Learning, development and support needs of community palliative care clinical nurse specialists.

Evelyn Whittaker, George Kernohan, Dorry McLaughlin

Research output: Contribution to journalArticle

1 Citation (Scopus)

Abstract

Background: The palliative care clinical nurse specialist (PC-CNS) is a core member of the specialist palliative care team. According to professional policy, the role has four specific components: clinical practice, education, research, and leadership and management. Little is known about how to support staff in this role. Aim: The aim of this study was to explore what learning, development, and support PC-CNSs in one hospice need to enable them to fulfil all components of their role. Design: Using a descriptive exploratory approach, semi-structured interviews were undertaken with a purposive sample of community PC-CNSs from a hospice in Northern Ireland. Interviews were audio-recorded, transcribed verbatim, and thematically analysed. Findings: Seventeen interviews were analysed and three themes identified: influence of organisational culture, influence of the individual, and learning and development solutions. Conclusions: Participants reported that the PC-CNS role was stressful. They identified that the organisational culture and indeed individuals themselves influenced the learning and development support available to help them fulfil the four components of the role. Working relationships and stability within teams affected how supported individuals felt and had implications for managers in meeting the needs of staff while balancing the needs of the service.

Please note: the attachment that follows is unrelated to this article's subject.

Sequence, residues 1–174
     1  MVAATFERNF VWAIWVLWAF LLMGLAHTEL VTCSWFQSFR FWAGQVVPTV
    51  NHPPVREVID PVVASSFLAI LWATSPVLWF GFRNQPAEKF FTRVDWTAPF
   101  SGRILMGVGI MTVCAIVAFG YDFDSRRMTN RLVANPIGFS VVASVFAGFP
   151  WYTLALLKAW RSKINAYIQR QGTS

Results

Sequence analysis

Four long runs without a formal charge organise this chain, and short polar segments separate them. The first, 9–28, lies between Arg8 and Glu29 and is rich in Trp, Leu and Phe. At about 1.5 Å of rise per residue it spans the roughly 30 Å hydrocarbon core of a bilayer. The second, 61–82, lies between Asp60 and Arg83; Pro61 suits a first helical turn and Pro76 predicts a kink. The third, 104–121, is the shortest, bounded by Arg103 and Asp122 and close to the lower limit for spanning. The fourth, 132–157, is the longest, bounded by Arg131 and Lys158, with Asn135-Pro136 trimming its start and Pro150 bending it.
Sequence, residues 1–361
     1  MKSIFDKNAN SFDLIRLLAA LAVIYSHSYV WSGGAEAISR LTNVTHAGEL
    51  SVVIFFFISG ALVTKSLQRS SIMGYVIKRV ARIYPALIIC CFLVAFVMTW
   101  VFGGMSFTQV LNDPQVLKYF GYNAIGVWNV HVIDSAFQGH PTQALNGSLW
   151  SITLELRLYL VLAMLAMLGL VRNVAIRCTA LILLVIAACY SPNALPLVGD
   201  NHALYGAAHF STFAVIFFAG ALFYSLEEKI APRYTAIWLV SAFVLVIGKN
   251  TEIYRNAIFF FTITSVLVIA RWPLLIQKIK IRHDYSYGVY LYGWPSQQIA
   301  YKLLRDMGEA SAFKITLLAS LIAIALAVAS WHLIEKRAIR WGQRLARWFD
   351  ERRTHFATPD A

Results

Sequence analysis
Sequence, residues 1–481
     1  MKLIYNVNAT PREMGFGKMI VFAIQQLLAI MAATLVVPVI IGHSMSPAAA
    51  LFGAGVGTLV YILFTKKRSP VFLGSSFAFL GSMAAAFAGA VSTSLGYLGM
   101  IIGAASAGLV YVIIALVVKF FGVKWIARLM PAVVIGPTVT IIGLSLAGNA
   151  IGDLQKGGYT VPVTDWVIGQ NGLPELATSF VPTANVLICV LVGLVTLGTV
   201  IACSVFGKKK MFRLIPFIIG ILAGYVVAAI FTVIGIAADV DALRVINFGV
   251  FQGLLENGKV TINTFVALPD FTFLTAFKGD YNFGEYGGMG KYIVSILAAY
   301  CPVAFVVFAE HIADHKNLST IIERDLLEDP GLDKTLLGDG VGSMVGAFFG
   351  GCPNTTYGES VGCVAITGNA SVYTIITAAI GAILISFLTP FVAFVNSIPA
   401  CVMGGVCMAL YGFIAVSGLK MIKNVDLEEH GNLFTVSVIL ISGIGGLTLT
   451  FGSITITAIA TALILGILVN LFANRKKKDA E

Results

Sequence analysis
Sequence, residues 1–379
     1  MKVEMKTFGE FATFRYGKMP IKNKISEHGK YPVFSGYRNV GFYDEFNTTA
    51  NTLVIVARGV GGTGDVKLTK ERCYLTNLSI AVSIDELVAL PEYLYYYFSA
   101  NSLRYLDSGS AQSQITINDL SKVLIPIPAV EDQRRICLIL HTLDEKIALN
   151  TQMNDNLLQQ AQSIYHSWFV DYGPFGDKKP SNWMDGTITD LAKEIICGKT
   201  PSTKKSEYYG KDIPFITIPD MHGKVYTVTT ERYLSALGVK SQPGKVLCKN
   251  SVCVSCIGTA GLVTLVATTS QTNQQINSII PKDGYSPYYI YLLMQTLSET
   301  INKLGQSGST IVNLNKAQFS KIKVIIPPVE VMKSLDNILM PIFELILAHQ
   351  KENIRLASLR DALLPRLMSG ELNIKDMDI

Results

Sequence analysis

LanguageEnglish
Pages425-433
JournalInternational Journal of Palliative Nursing
Volume20
Issue number9
DOIs
Publication statusPublished - 5 Sep 2014

Fingerprint

Nurse Clinicians
Palliative Care
Organizational Culture
Hospices
Learning
Interviews
Professional Role
Northern Ireland
Nurse's Role
Education
Research

Keywords

  • Palliative care clinical nurse specialist
  • Learning and
  • development
  • Role